On a given school day morning, sometimes as early as 6:00 a.m., Naphtali Tzvi Yehuda Soloveichik will be on YouTube watching camp videos from his past three summers participating in Yachad’s camper program at Camp Morasha. For Naphtali, 17, who attends a private therapeutic school in his hometown of Chicago for those with autism, the impact of his few weeks integrated within a mainstream Jewish camp and the friendships formed, have developed his social skills and strengthened his Jewish identity.
“Naphtali would know he is Jewish without the Yachad Camp Morasha program because of our lifestyle, but this experience really makes him feel part of the Jewish people,” shared his father, Rabbi Moshe Soleveichik, Rosh Yeshivas Brisk (Chicago) and Rav of Kehilas Beth Sholom Ahavas Achim. “That is what inclusive means.”
Yachad member Naphtali Soloveichik (left) of Chicago participates in a pre-Shabbat activity at Camp Morasha, with counselors Ariel Bluman of Baltimore, Jason Klein of Monsey, NY, and Ariel Kirshenbaum of Woodmere, NY.
Yachad, the flagship agency of the Orthodox Union’s National Jewish Council for Disabilities (NJCD), provides unique social, educational and recreational programs for children and young adults with learning, developmental and physical disabilities with the goal of their inclusion in the total life of the Jewish community.
With 17 opportunities for summer social development, ranging from trips to Israel to vocational and camper programs, Yachad/NJCD has become one of the largest providers of summer programs for Jewish individuals with disabilities. According to Jdata, an online forum for Jewish organizations to share information operated by Brandeis University and the Jim Joseph Foundation, Yachad serviced the second-highest number of campers with special needs in summer 2013.
“Since 2008, there has been tremendous growth in the number of individuals with a spectrum of disabilities being serviced in Yachad summer programs, from 190 five years ago, to 443 individuals from across the United States and Canada in summer 2013,” said Eli Hagler, National Yachad associate director.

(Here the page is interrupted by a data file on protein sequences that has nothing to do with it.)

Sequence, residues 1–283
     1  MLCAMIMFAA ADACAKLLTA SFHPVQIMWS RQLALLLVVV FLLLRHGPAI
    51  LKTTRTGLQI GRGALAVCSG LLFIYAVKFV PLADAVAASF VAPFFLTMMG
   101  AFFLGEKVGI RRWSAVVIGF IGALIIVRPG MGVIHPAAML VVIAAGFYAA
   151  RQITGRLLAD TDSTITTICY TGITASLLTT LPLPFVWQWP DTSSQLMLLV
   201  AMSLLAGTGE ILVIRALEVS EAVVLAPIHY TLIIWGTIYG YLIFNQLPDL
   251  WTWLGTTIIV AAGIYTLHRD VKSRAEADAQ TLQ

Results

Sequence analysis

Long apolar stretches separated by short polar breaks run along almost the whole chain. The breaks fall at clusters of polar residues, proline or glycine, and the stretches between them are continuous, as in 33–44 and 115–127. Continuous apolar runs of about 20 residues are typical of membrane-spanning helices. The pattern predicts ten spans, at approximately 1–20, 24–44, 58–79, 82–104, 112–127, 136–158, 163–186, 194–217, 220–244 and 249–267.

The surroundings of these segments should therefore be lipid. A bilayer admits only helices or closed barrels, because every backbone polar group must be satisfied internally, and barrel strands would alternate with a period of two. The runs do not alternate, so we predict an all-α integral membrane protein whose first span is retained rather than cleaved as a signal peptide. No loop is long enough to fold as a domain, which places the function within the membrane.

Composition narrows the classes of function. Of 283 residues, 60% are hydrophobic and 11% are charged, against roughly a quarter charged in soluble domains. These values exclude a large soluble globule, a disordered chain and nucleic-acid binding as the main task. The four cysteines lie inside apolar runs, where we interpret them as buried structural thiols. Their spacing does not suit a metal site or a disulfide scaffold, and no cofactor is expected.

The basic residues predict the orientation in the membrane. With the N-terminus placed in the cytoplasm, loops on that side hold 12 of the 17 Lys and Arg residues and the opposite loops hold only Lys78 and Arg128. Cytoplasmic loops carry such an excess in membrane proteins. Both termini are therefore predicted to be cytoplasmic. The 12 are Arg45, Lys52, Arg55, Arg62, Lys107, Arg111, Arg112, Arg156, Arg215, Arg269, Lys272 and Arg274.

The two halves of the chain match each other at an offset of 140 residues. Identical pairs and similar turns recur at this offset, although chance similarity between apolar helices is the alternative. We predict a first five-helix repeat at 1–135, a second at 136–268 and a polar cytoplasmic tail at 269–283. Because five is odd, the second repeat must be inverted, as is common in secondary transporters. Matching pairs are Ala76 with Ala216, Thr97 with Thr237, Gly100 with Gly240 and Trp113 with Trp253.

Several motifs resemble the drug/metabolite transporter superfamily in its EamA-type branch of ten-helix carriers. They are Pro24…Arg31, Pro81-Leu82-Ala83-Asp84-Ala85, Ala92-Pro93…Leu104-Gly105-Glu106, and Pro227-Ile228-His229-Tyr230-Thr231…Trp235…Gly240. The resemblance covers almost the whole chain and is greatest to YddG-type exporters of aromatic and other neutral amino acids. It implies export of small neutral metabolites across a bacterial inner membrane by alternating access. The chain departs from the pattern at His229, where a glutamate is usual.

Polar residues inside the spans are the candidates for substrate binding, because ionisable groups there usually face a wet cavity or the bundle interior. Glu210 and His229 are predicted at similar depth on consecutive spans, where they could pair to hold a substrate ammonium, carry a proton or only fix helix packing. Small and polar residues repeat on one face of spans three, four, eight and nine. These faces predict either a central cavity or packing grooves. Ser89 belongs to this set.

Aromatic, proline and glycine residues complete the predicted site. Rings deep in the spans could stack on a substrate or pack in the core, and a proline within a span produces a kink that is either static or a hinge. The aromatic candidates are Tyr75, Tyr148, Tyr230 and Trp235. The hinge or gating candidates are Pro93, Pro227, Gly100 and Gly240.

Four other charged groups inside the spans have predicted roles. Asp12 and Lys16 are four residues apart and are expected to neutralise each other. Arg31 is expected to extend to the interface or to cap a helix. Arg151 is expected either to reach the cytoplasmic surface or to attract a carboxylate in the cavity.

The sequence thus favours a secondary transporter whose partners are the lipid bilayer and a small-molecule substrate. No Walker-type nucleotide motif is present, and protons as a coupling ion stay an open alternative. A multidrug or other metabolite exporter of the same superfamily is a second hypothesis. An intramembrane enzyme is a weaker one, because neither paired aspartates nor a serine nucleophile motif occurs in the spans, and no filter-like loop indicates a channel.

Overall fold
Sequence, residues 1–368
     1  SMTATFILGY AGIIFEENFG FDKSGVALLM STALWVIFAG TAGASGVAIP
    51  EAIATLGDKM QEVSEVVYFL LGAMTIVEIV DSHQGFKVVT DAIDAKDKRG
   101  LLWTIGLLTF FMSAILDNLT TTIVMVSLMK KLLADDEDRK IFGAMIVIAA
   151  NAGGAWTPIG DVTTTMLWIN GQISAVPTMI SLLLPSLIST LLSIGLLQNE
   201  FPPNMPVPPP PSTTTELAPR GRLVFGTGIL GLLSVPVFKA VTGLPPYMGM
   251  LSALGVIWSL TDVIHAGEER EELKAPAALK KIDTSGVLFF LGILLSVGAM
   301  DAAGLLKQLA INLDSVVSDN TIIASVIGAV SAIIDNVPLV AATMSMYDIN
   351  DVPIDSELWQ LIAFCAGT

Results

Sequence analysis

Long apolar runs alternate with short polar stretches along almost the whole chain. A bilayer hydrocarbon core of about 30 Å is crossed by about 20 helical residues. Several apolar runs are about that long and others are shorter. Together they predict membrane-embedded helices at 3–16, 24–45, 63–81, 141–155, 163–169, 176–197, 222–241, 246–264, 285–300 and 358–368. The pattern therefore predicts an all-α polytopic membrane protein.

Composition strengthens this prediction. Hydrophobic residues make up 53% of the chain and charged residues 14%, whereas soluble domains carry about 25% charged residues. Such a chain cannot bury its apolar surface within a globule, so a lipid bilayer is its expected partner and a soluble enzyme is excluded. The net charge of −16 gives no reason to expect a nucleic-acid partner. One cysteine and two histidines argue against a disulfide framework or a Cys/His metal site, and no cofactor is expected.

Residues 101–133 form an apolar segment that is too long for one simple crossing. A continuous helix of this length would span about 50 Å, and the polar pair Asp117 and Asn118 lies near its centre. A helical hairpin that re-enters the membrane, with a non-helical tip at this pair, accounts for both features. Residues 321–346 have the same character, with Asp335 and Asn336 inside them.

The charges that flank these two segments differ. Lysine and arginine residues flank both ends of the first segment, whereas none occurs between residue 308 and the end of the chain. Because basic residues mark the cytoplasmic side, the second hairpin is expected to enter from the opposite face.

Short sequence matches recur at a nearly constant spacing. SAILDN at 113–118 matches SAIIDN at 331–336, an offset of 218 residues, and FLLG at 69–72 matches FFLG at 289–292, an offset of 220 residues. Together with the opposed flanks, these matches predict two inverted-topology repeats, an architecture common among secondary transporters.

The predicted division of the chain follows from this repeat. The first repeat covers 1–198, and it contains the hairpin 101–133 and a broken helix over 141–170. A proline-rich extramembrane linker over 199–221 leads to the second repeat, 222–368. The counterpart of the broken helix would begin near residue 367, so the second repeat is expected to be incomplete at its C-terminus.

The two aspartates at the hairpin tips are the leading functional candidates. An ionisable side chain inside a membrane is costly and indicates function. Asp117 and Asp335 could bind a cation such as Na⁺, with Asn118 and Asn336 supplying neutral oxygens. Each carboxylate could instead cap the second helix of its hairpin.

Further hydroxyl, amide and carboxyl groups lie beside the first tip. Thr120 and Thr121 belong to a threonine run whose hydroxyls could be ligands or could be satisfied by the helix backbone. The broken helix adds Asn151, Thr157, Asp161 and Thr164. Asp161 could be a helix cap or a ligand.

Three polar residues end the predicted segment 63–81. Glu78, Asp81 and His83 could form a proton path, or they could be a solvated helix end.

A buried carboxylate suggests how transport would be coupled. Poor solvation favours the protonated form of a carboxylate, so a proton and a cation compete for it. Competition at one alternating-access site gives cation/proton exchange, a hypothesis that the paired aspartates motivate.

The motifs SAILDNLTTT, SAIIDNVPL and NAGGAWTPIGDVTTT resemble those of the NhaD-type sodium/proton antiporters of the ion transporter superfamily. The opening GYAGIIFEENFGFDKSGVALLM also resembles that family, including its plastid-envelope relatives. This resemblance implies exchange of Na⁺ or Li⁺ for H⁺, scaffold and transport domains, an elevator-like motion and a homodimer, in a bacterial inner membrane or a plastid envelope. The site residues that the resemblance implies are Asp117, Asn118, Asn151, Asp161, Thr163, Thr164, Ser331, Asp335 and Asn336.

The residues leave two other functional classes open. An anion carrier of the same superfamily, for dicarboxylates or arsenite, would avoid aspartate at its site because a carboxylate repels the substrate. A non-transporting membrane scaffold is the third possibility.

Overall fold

“This is something beyond incredible.”
He also noted, “Yachad will continue adding new programs and services that additionally educate the community at large, championing the inclusion of those with special needs within the broad Jewish community.”
Yachad offers two opportunities for individuals with special needs to experience the Jewish homeland. Yachad Birthright—in conjunction with Israel Free Spirit, the OU’s Taglit-Birthright Israel program—is a free ten-day Israel experience tailored for individuals with special needs to accommodate physical handicaps, medical needs, etc. Yad B’Yad (YBY) (Hebrew for “hand in hand”) brings typical high school students together with Yachad members for a five-week Israel experience.
Yad B’Yad participants Ari Zucker of Livingston, NJ; Tzvi Burston of Los Angeles; Mayer Schein of Woodmere, NY; and Elisheva Katz of Baltimore.
“I went on YBY as a mainstream high schooler, and that’s why I’m here now,” noted Rebecca Schrag, MSW, referring to her current position as director of Yad B’Yad, in addition to her work as Yachad director of Community and School Programing. “Last year registration for Yad B’Yad was filled for the summer by early winter. The long waiting list showed us that there is a need to provide a second YBY session for summer 2014, which is currently in the works.”
For Nicki Taller’s son Max, who is on the autism spectrum, Yad B’Yad was a life changing experience. Mrs. Taller describes, “Max attended YBY as a student coming out of 10th grade, when all of his typical peers attending yeshiva day schools were also attending Israel summer programs. Living in a Torah-observant community, it was challenging for Max to socialize with teens from his public high school who generally aren’t, even though they are very respectful. For the first time in his life, he spent time developing friendships with frum friends his own age. And he kept up with them. Max is very social on Facebook, and he started going to sports games at local yeshivas. He adores that social interaction. He became much more independent and socially appropriate.”
Mrs. Taller also shared, “From his peers at Yachad, Max has taken an interest in putting on tefillin, davening, and saying divrei Torah; these are things I cannot force him to take upon himself. Now he can go into a shul to be part of a minyan, counted like everyone else. This year he’s learning in Israel, and taking Hebrew language classes in ulpan, just like everybody else. I’m incredibly indebted to Yachad.”
Yokie Fleishmann of Newton, MA enjoys a donkey ride during Yad B’Yad with Adina Singer of Woodmere, NY.